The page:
btba festival dinner 2016

The Bespoke Tailors Benevolent Association dinner is a wondrous thing.

Every year, 300 or so tailors, friends and cloth merchants gather at the Merchant Taylors’ Hall on Threadneedle Street in London.

There are speeches; there are medals; there are toasts. Everyone stands up and shouts ‘The Queen!’ then sits down again.

It is put together by committees. There are officers and a hierarchy. Everyone wears black tie and casts sideways glances at the fit of each others’ jackets. The antithesis of Pitti in that respect: everything sober, classic, bespoke.

You also get announced as you walk into the room. I always loved that part. So ridiculous yet somehow so dignified.

btba dinner 2016

I’ve been to the dinner perhaps half a dozen times in the last 10 years. I last went 2 years ago. But this year it struck me particularly hard what a wonderful event the BTBA dinner is.

Yes, the speeches often last too long, and yes it is a very hot, close place to sit for two hours. But in an age when we bemoan the lack of appreciation of craft, this event does so gloriously every year, with a degree of pomp and celebration that borders on the silly.

If someone suggested creating an event like this today, they’d be laughed out of the room.

bespoke tailors benevolent association dinner

Although it is held in the Merchant Taylors’ Hall, the tailors don’t receive anything more than use of the hall. This is a commercial space and they pay the going rate for food and drink. At the same time, they raise thousands of pounds for charity (to support tailors with problems or out of work).

The popularity of the dinner shows no signs of waning. But eventually, as the trade becomes more international (more travelling, more clients using different tailors) it would be great if the BTBA brought in more foreign tailors.

Few places outside Naples could support an association this big, and tailors have far more to gain from working together than apart.

Tomorrow: the best dressed men on the evening.

btba dinner 2


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Simon, what weight fabric is best for black tie? My Saville Row tailor is adamant that 11oz is the max since it would be too hot otherwise.


Simon, while I defer to your judgement 99.99% of occasions, I must (slightly) disagree here. I tried at 13oz and found it uncomfortable. I switched to 11 and just feel better when wearing it. The drape is not as elegant, but the increase in (my) enjoyment is ! Thanks for a great post D


Thank you for this insider’s view. What are the speeches about? Is it the craft itself, recent developments on the (menswear) scene, members being honoured…? As the event is so British (Victorian?), I guess some of the more formal cuts will be among the best dressed?


Hi Simon,

Slightly off subject, but can I ask your opinion on the weight of fabric for morning suits? I have seen a nice grey pick and pick fabric for a three-piece grey morning suit but it is only 9oz. Do you think this is too light and would wear too quickly, or would it be OK? Only going to be worn 2-3 times per year.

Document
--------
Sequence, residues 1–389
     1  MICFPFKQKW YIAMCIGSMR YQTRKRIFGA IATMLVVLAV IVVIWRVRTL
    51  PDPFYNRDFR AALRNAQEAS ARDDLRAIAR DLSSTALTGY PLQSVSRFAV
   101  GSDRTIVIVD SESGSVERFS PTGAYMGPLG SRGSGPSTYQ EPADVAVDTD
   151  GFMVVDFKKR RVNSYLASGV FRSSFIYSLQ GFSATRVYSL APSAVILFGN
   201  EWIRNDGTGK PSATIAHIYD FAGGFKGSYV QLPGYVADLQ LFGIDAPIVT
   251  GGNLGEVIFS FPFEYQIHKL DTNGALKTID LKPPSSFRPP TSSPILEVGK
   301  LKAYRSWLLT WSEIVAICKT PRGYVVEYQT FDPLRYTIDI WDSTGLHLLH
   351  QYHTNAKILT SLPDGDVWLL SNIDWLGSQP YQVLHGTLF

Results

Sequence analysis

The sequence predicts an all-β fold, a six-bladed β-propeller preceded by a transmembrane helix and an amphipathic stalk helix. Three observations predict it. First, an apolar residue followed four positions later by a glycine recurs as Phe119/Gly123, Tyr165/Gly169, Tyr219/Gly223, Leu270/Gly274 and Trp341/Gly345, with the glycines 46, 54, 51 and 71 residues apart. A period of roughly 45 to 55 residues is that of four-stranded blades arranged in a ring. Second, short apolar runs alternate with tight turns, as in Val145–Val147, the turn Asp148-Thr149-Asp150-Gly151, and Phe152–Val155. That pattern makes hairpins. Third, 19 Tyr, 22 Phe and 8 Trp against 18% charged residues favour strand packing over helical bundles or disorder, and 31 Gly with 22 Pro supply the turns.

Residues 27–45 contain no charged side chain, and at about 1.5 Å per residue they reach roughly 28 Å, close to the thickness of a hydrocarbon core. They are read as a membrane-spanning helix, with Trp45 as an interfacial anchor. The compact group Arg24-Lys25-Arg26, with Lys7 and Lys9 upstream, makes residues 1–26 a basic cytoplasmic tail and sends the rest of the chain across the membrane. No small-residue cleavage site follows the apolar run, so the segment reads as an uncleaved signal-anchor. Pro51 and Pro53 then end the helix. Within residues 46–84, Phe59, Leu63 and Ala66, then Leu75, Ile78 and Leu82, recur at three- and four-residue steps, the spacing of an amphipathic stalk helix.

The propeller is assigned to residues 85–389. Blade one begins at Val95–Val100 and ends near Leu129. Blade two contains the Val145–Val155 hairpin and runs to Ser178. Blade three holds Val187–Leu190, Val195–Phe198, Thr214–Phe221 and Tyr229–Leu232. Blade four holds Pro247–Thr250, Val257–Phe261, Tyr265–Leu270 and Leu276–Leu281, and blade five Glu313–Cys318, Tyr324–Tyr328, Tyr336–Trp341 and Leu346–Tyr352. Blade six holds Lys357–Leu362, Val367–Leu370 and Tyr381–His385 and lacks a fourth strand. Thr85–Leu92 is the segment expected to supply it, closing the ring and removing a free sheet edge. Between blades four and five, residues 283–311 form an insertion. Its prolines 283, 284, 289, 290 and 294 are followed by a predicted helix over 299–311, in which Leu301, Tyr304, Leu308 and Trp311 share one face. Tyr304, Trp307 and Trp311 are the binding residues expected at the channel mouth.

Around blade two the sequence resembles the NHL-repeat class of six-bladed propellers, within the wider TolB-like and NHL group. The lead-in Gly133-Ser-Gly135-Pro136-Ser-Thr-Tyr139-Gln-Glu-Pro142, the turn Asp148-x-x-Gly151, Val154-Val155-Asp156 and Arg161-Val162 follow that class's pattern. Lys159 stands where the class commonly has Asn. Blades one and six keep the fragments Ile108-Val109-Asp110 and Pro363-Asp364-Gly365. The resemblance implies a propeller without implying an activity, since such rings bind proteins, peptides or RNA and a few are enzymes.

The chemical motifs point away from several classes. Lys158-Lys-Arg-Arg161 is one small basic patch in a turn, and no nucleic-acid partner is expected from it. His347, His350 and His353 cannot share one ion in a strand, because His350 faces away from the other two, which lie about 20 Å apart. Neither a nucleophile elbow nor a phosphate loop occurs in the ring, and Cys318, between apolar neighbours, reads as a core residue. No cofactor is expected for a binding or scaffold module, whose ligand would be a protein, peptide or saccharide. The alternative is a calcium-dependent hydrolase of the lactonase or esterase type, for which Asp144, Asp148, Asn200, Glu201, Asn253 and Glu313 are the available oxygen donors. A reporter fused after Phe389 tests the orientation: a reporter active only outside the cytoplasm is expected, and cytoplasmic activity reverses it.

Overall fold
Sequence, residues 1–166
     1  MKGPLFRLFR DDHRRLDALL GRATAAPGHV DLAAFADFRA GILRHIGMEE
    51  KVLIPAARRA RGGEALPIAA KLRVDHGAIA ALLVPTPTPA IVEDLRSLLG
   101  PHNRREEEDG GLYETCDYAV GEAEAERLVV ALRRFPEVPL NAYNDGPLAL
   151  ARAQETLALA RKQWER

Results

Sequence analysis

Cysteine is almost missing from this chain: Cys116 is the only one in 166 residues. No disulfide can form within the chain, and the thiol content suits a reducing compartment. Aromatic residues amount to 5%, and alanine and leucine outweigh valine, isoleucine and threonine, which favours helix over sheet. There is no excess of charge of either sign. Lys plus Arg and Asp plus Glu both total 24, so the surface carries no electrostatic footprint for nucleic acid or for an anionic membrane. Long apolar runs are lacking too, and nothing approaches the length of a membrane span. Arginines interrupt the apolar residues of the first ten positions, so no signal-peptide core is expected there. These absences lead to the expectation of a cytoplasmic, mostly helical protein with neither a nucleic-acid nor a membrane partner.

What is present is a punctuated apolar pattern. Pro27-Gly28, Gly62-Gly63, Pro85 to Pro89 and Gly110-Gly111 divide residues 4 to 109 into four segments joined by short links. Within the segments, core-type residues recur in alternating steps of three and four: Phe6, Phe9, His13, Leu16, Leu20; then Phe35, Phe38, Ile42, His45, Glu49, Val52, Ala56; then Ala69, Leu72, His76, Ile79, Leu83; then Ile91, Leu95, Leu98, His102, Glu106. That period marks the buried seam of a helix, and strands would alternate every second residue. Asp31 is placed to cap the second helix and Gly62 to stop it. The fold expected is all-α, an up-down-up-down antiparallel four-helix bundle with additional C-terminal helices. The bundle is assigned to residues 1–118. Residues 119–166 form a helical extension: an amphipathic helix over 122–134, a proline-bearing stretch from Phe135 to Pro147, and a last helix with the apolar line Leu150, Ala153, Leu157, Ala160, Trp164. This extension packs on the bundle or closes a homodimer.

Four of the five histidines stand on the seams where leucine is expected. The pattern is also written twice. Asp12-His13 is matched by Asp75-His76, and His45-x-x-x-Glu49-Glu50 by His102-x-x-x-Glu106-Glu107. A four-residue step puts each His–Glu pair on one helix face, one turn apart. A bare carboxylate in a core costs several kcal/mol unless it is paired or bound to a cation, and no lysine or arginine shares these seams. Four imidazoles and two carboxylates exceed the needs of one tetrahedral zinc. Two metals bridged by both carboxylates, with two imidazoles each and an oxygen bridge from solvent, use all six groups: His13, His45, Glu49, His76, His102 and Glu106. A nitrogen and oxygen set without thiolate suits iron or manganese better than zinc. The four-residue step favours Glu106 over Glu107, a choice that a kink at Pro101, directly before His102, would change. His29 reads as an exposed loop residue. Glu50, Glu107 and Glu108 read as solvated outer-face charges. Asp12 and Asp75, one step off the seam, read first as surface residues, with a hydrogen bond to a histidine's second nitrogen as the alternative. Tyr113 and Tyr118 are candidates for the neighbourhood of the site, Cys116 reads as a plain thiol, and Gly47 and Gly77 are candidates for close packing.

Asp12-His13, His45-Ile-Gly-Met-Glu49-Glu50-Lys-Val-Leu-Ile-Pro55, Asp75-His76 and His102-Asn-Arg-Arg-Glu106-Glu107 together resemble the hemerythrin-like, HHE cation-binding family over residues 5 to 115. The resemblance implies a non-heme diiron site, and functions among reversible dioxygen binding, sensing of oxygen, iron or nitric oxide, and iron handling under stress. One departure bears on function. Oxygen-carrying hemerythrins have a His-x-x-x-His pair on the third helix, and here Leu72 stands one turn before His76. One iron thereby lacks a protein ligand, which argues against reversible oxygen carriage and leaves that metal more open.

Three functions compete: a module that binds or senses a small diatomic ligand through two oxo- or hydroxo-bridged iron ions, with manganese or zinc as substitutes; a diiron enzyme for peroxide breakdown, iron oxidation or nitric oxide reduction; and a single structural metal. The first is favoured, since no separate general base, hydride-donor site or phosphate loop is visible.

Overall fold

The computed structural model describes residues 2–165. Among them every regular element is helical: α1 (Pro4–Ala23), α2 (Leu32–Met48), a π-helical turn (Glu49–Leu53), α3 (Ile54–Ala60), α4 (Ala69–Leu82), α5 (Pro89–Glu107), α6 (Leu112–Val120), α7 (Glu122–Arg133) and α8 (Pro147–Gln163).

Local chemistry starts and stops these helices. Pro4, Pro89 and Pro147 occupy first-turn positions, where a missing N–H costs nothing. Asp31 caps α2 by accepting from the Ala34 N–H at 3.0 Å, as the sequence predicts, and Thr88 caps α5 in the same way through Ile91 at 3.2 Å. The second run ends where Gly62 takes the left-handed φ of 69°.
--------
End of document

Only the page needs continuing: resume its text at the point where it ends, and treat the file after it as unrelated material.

Many thanks.



Can I ask what weight of material you would suggest for morning dress and Dinner suits? As morning dress is mainly worn in the summer in the UK, and is a three-piece ensemble, do you think 10-11oz would be about right, or would you go for 12-13oz? 10-11oz shouldered ok if only infrequently worn shouldn’t it? For a dinner suit, would you say 12-13oz? I tend to think that it is better to be a bit cooler than overheat.

Paul W.

Any kilts?

nick inkster

I have my father’s dinner suit which he had made at No 1 Savile Row (Hawkes and Co) in 1946 for his 21st birthday. It is a heavy barathea, 14ozs+, and, according to my tailor, has only a horsehair canvas with no padding, and just light wadding in the shoulders. He says has never seen anything like it. Interestingly, the fly and brace buttons are by hand, as are the sleeve buttons, but the fastening button on the coat is by machine.
I also have the invoice. 58 guineas.

Rolf Holzapfel

58 guineas for a dinner jacket and trousers, even in 1946, seems to be enormously expensive. If you look on youtube, you’ll find a Pathe newsreel “Shoes for the famous” of 1945, featuring a visit to John Lobb. At the end the speaker announces in his plummiest voice: “You can have a pair made yourself for around 10 guineas”, when presumably the whole cinema audience would have ooght and aaght: “That’s ridiculous!”.

So back then, you could have bought almost six pairs of bespoke JL shoes for the price of a SR dinner suit. The mind boggles!


Campbell Carey.


Simon, thank you for suggesting Mohair. I spoke to my tailor this afternoon, and am annoyed I have not previously thought of this alternative. I will visit A&S when next in London. Thank you again D


Simon as befitting the event (benevolent fund) it would be interesting to know what the fund does, how it works etc. Tailoring will not make many rich so it is good to know someone is looking after them in their dotage. Indeed if the Houses were more organised the could, collectively, add some form of levy (say £10) onto each garment. Nice tale by Inkster..worth noting that the 45 guineas is today worth approx. £1,200.

nick inkster

Interesting thought. Although Hawkes as such are no more, I wonder what the cost would be for an equivalent from G&H today? Any idea Simon?

Bruce B

SC: I would like to hear your thoughts on the cummerbund? Pro or con? Though I don’t have proof, I always felt it was designed to conceal ones excessive mid-section. Thanks